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Frequently Asked Questions

Electrical Engineering FAQ

  • What is Electrical Engineering?

     Engineering is broadly described as the creative application of scientific and mathematical principles used to design, develop, improve, and analyze structures, machines, devices, components, systems, and industrial processes useful to society.  Electrical engineering is the field of engineering that deals with the application and study of electricity, electronics, and electromagnetism. It originated as a branch of physics and has dramatically changed society.  Inventions associated with electrical engineering include the telephone, light bulb, radio, television, electric motor, power plant, as well as modern computers, phones, cameras, and robots.

    The curriculum for electrical engineering begins with the necessary preparatory courses in mathematics, physics, and computer science. Core courses and electives cover a wide range of topics including digital and analog electronic circuits and systems, solid-state devices, instrumentation, control systems, electromagnetics, and signal processing.  Students will take courses that include laboratory activities. Students are also required to do a senior research project, which involves planning, design, implementation, documentation, and presentation.
  • What are preparatory and majors courses for Electrical Engineering?

  • What are the Student Learning Outcomes for the degree in Electrical Engineering?

    Students who graduate with a BS degree in Software Engineering will be able to identify, analyze, and apply skills and professional standards in:

Software Engineering FAQ

  • What is Software Engineering?

    Software Engineering is the application of engineering principles and techniques in the process of software design, development,and construction while dealing with the constraints of computers. With computing as its foundations, software engineering seeks to develop and use systematic models and reliable techniques to produce high‐quality software. A software engineer applies a wide range of knowledge from the humanities to the sciences and can lead a team responsible for constructing a software system containing millions of lines of code across hundreds of files written by dozens of programmers, reusing major components of other systems, executing on multiple machines and platforms, interacting with globally distributed systems, and ensuring security across the systems they are configuring.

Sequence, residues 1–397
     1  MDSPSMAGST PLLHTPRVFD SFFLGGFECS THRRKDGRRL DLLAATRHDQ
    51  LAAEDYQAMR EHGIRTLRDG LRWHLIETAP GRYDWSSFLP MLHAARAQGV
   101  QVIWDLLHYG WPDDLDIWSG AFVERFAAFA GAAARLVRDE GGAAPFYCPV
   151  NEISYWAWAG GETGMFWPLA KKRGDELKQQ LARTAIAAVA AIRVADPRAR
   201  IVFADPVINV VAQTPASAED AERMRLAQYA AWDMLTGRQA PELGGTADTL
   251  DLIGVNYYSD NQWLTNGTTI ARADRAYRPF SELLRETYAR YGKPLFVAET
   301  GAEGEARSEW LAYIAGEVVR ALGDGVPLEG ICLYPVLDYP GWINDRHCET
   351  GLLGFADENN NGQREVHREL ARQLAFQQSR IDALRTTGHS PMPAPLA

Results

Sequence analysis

• What is the difference between Computer Science and Software Engineering?

    The Computer Science and Software Engineering curricula have some overlaps, such as design and development of programs, discrete structures, data structures, computer architecture, human‐ computer interaction, information security, and programming languages. However, the Computer Science curriculum includes other knowledge areas such as algorithms and complexity, graphics and visualization, information management, networking and communications, and operating systems, whereas the Software Engineering curriculum includes other knowledge areas such as software modeling and analysis, requirements analysis and specification; software design; software verification and validation; software process; and software quality; and security. Basically, “software engineers begin by analyzing users' needs, and then design, test, and develop software to meet those needs. During this process they create flowcharts, diagrams, and other documentation, and may also create the detailed sets of instructions, called algorithms, that actually tell the computer what to do.”
  • What are preparatory and majors courses for Software Engineering?

  • What are the Student Learning Outcomes for the degree in Software Engineering?

    Students who graduate with a BS degree in Software Engineering will be able to identify, analyze, and apply skills and professional standards in:
    • computing essentials in terms of computer science foundations, construction technologies and tools
    • mathematical and engineering fundamentals, and engineering economics for software.
    • professional practice in terms of group dynamics and psychology, communication skills, and professionalism
    • software modeling and analysis
    • requirements analysis and specification, requirements fundamentals, eliciting requirements, requirements specification and documentation, and requirements validation
    • software design concepts, design strategies, architectural design, human‐computer interaction design, detailed design, and design evaluation
    • software verification and validation terminology and foundations and its deployment at different points in the life cycle, testing, and problem analysis and reporting
    • software process concepts, process implementation, project planning and tracking, software configuration management, and evolution processes and activities
    • software quality concepts and culture, process assurance, and product assurance
    • security fundamentals, computer and network security, and developing secure software